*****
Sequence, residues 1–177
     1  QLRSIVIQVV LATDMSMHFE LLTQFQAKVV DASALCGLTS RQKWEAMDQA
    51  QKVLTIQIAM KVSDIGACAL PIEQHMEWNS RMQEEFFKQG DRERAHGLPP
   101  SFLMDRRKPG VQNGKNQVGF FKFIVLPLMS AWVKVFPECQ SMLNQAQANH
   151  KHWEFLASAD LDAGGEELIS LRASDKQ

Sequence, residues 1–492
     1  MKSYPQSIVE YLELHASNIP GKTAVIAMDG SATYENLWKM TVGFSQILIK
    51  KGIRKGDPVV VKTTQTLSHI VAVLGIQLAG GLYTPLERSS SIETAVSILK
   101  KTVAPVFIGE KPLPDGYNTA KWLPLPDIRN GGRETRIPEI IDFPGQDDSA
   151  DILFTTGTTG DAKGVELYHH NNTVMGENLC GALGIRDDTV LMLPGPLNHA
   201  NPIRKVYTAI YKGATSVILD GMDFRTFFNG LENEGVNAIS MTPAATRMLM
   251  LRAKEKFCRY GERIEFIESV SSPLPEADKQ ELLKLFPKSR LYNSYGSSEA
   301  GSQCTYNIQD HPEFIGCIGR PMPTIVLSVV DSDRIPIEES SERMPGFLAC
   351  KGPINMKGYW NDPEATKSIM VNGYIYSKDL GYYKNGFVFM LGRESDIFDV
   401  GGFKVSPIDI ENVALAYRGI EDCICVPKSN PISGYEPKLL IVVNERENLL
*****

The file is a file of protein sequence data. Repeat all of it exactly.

Sequence, residues 1–177
     1  QLRSIVIQVV LATDMSMHFE LLTQFQAKVV DASALCGLTS RQKWEAMDQA
    51  QKVLTIQIAM KVSDIGACAL PIEQHMEWNS RMQEEFFKQG DRERAHGLPP
   101  SFLMDRRKPG VQNGKNQVGF FKFIVLPLMS AWVKVFPECQ SMLNQAQANH
   151  KHWEFLASAD LDAGGEELIS LRASDKQ

Sequence, residues 1–492
     1  MKSYPQSIVE YLELHASNIP GKTAVIAMDG SATYENLWKM TVGFSQILIK
    51  KGIRKGDPVV VKTTQTLSHI VAVLGIQLAG GLYTPLERSS SIETAVSILK
   101  KTVAPVFIGE KPLPDGYNTA KWLPLPDIRN GGRETRIPEI IDFPGQDDSA
   151  DILFTTGTTG DAKGVELYHH NNTVMGENLC GALGIRDDTV LMLPGPLNHA
   201  NPIRKVYTAI YKGATSVILD GMDFRTFFNG LENEGVNAIS MTPAATRMLM
   251  LRAKEKFCRY GERIEFIESV SSPLPEADKQ ELLKLFPKSR LYNSYGSSEA
   301  GSQCTYNIQD HPEFIGCIGR PMPTIVLSVV DSDRIPIEES SERMPGFLAC
   351  KGPINMKGYW NDPEATKSIM VNGYIYSKDL GYYKNGFVFM LGRESDIFDV
   401  GGFKVSPIDI ENVALAYRGI EDCICVPKSN PISGYEPKLL IVVNERENLL